buds, which arc ready to burst forth in early spring. But the root of the new clover was entirely different — there was no succulent tap-root or crown of buds formed for the renewal of growth the second season. The plant had made its full growth, bloomed, ripened its seed, and died — both stems and roots — clearly establishing the fact that this clover is an annual.
The annual sweet clover is believed to have originated on wild land in Alabama, and to be a sport or mutant of the biennial species. It probably did not first occur in a cultivated field, as in such a situation it would have been lost. It evidently grew on wild land for several years without anyone noticing that it was an annual. Recently it has been definitely established that it is still found on waste land in this state. Considerable sweet clover seed is harvested in certain sections of Alabama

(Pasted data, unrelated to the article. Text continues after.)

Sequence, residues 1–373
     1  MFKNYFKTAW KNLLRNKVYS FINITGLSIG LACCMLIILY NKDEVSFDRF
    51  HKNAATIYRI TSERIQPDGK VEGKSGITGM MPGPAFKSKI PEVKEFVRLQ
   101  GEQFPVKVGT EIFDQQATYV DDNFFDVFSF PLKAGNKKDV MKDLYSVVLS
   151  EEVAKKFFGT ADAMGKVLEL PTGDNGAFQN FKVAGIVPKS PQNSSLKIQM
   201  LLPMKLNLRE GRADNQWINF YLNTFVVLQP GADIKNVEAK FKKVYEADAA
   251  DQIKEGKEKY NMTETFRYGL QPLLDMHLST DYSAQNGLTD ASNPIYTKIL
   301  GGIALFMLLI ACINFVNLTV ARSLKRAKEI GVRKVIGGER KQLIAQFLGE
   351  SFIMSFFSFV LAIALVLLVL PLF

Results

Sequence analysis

Fig. 112. — Nos. 1 and 2, Hubam and annual yellow sweet clover planted the same day, cultivated and raised in the same row and under identical conditions. Nos. 3 and 4, Hubam and the old biennial sweet clover planted the same day, cultivated and raised in the same row and under identical conditions. (Courtesy Alabama Hubam Clover Association.)
by negroes, who either strip the seed from the standing plants or cut them down and thresh the seed out by hand. Thus the seed of the two clovers might have become easily mixed. Its subsequent discovery in an Iowa greenhouse was a fortunate event, which bids fair to be of great benefit to both farmers and beekeepers. (Fig. 113.)
Favorable reports from nearly all parts of the United States show that annual sweet clover can be successfully grown over a very wide area, and under very varied climatic conditions. It has succeeded from Alberta, Canada, to Texas, and